Art is our soul at Ellerman House. Our collection tells the tale of a nation with a rich history, taking visitors on a journey that explores the huge social and cultural shift in South Africa from the mid-nineteenth century to present day. Learn more about it, straight from the horse’s mouth, in a Q&A with our Art Curator, Margaret Gradwell – a painter in her right with impeccable knowledge of South Africa’s art culture.

Please tell us a little bit about yourself? Where were you born and what is your background in the arts?

I come from Gauteng, South Africa, and attended the University of Pretoria were I graduated and went on to lecture there for 30 years. I was Professor of Fine Arts as well as a practicing artist who is now contracted to Call of Africa Native Visions Galleries in USA.

How did you end up working as an Art Curator at Ellerman House?

I was approached by the owner of the Ellerman House art collection, Paul Harris through a past student of mine and now famous artist, Angus Taylor, to apply for the position, when I left the university in order to pursue my own art career full-time. Curating this collection has become my passion and pride.

How do you decide which pieces of art the hotel is going to include in its collection?

Paul Harris and his family are astute collectors who are also assisted by good advice from gallery owners such as Mark Read. My major task is to identify gaps in the collection, or young artists who are making a name for themselves. It is also important to remember that the art must be suitable for the environment in which it is to be viewed and appreciated by guests who are most often art lovers and very knowledgeable.

Please, tell us more about this collection? Is it more traditional or contemporary?

There are approximately 1000 works in the collection, most of which are exhibited throughout the public and private areas of the hotel. The works are all by South African artists dating from the earliest works by explorer-artists such as Thomas Bowler (1830s) through to artists who were influenced by the British romantic landscape artists, through to artists who brought back European Modernist traditions. There is the Contemporary Gallery and sculpture garden at Ellerman House that features artists who are currently some of the best in South Africa.

 What would you say is your personal favourite piece in the collection?

My personal favourite piece in the collection is “Liggaamsopvoeding vir Meisies” by Anton Karstel. Why this painting resonates with me is because it ticks all the boxes that I personally look for in a work of art. The size of the painting is imposing and evocative, yet the detail requires one to step closer and examine Karstel’s process. He is obviously grappling with the content as well as the process. The painting exists as layers of ‘overpainting’. The past sometimes shines through to the present. Images of young girls engaged in exercising according to guidelines of practitioners of physical education from the 1930s, are juxtaposed with violent slashes of calming blue paint. Karstel is engaging critically with how society makes us and how we make ourselves. The photographic references from training manuals that he uses are very real to me as an observer. The impasto-like and gestural brushwork appeals to my sensibility as an artist and keeps on inviting me to participate in the process of painting, yet the images stir an uneasiness in me that jogs my memory. This painting engages one on a visceral, intellectual and emotional level.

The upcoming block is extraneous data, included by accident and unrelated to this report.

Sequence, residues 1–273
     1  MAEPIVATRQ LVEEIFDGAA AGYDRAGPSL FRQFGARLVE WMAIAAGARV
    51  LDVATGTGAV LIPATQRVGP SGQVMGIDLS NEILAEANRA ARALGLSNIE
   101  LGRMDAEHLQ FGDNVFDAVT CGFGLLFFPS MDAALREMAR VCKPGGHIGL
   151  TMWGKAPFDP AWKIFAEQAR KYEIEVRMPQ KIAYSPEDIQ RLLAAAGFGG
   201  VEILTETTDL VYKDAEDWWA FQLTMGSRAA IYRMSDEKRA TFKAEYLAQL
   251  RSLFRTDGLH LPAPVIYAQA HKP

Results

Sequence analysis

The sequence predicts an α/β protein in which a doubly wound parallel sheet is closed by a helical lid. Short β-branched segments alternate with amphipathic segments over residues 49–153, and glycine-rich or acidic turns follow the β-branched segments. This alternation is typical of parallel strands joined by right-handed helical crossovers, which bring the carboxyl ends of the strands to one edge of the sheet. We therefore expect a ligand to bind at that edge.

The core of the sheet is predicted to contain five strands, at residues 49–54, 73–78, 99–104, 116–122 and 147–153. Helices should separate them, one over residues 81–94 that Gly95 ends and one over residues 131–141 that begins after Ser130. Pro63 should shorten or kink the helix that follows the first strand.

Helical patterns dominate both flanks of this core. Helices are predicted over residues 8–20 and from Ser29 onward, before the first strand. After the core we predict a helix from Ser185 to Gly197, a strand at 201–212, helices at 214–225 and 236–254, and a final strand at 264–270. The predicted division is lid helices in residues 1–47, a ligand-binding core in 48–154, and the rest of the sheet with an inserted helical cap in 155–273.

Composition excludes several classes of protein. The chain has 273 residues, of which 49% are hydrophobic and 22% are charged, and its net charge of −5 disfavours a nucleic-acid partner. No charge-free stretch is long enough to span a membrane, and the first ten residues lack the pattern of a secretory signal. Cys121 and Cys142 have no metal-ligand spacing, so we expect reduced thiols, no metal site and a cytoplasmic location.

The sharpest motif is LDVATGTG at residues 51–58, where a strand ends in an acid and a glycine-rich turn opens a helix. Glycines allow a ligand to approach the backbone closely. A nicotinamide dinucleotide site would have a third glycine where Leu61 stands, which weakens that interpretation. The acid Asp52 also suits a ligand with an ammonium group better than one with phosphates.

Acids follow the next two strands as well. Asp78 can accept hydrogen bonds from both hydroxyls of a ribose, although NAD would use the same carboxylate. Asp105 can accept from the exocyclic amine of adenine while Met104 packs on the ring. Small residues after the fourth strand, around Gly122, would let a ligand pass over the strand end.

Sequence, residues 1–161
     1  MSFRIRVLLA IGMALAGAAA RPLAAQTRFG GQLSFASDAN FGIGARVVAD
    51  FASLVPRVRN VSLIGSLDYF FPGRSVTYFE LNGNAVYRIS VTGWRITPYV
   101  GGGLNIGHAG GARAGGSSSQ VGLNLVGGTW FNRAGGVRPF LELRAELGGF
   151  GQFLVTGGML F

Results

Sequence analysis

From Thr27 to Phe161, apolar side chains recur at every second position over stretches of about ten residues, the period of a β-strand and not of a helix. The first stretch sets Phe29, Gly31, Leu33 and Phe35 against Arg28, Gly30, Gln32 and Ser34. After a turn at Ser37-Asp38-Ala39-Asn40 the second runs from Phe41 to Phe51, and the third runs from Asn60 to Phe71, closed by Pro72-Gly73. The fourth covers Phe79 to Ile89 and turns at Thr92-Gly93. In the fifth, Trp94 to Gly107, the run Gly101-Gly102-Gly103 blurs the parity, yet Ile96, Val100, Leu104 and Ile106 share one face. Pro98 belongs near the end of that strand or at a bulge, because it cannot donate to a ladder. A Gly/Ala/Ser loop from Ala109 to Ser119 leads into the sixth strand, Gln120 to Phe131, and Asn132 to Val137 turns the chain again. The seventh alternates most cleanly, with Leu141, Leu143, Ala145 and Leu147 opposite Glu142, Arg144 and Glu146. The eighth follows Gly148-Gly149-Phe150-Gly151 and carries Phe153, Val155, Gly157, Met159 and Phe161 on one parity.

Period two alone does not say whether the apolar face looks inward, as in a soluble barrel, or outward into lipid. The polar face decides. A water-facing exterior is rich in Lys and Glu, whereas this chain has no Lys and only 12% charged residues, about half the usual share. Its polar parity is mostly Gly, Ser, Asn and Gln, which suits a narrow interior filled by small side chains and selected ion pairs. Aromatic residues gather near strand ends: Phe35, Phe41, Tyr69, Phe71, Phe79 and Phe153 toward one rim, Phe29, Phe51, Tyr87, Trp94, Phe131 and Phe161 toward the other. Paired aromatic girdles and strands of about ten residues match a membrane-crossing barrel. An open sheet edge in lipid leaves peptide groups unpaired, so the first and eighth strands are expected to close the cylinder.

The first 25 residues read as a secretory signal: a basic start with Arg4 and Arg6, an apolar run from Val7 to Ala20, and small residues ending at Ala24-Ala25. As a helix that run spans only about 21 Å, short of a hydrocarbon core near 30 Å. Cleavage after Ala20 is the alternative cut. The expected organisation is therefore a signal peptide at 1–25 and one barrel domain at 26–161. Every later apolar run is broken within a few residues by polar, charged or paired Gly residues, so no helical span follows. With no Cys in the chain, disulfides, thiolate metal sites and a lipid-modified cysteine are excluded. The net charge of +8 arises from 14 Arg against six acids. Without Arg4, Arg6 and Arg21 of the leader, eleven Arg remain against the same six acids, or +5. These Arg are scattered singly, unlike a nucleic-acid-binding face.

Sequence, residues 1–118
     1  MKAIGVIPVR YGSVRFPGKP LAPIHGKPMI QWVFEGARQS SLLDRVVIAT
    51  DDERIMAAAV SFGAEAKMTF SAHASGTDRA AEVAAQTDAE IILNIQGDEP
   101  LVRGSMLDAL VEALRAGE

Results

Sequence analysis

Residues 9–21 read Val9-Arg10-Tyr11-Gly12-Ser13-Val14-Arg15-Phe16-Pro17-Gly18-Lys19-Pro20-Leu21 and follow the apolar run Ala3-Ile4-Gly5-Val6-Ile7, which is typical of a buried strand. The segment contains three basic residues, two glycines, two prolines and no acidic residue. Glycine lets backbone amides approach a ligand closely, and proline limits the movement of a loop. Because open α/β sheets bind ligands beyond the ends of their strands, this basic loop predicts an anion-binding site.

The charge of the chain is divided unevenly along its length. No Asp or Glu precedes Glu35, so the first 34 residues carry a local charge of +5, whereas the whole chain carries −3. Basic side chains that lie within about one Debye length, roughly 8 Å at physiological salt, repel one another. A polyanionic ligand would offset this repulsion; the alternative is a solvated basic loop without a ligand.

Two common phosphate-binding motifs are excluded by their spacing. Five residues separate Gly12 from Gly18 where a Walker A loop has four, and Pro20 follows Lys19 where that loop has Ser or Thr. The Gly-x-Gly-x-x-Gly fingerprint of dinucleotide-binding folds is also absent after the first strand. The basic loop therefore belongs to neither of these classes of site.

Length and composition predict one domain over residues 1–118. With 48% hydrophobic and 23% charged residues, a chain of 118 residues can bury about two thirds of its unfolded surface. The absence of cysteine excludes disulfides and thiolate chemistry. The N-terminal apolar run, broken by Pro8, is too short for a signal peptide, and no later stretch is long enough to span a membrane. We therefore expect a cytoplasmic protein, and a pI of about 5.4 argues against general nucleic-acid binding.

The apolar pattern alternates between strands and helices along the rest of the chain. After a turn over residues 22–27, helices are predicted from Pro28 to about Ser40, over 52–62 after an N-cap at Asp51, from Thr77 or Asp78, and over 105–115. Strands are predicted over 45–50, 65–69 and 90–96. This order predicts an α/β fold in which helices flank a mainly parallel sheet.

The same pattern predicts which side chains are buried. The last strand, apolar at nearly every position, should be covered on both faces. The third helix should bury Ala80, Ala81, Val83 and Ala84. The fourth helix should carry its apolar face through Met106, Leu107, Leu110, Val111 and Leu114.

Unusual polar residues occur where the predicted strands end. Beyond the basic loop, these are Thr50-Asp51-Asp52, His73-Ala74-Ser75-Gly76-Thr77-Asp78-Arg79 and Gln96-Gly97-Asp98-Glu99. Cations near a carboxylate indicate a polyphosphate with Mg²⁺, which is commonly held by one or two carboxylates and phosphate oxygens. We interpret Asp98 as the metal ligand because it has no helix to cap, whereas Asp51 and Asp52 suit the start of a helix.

Which is the most revered piece in the collection?

Taking into account auction statistics, Irma Stern, JH Pierneef and Alexis Preller are the top contenders for most valuable works sold on auction. These artists and many more who occupy the top 10 or 20 positions on the value scale, are included in the collection. The most revered artist in the collection must be JH Pierneef. The main public room in the house bears his name: the Pierneef Room. A firm favourite work  is “Mont-Aux-Sources”. This long vertical view of the well-known peak of the Drakensberg Mountain Range, was a preliminary painting done by the artists in preparation for a panel of the same scene for South Africa House in London.

Which is your favourite Cape Town museum, institution and/or gallery and why?

The Norval Foundation is a new-kid-on-the-block that offers beautiful spaces for well-curated exhibitions and has a magnificent sculpture garden that is unique to the Cape. The old silo building at the Cape Town Waterfront is a marvellous reconstructed space that is currently exhibiting the work of internationally famous, South African artist William Kentridge, until March 2020. A privately-owned art gallery that always has amazing contemporary art is Everard Read and Circa Galleries, also at the Waterfront in Cape Town.

Which up-and-coming South African artist would you advise people to keep their eye on?

Blessing Ngobeni who is in his mid-30s now, is an example of a resilient youngster who has used his talent as an artist to conquer a life of hardship. In prison he discovered his passion for art and after being released in 2006 he attended a few courses at art centres in Johannesburg, and eventually attended artist residencies in New York and France. Ngobeni rapidly developed a style of his own, using montage, paint and distorted and contorted figures. Currently, he has expanded his artistic ambit to include sculpture, video animation and live performance. His work has been enriched by various references to other successful artists both local and international. Ngobeni has become a regular participant at the FNB Joburg Art Fair and Investec Cape Town Art Fair. His artworks have been featured at the EXPO Chicago (2017 and 2018) and PULSE Miami Beach (2018) in the United States. He most certainly is an artist to support and admire.